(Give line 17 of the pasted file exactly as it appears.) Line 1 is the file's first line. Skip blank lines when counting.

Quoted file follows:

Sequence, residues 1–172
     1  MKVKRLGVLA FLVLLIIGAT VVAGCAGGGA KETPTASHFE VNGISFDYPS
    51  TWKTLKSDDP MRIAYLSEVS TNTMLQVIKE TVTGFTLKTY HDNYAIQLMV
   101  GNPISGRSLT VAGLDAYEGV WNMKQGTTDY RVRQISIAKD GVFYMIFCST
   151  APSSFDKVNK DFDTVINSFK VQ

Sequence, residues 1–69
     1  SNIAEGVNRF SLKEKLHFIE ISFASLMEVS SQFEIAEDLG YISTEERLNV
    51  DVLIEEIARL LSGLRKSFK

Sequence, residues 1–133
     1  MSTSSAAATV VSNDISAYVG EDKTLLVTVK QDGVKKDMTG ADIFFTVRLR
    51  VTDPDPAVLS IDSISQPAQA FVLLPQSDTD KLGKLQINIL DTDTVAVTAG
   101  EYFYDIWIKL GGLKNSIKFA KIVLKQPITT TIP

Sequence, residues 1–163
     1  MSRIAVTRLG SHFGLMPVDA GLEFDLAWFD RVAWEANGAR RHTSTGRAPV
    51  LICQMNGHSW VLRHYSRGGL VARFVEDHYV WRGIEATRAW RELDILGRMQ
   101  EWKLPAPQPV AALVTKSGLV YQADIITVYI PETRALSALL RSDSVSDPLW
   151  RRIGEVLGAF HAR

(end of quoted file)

   151  RRIGEVLGAF HAR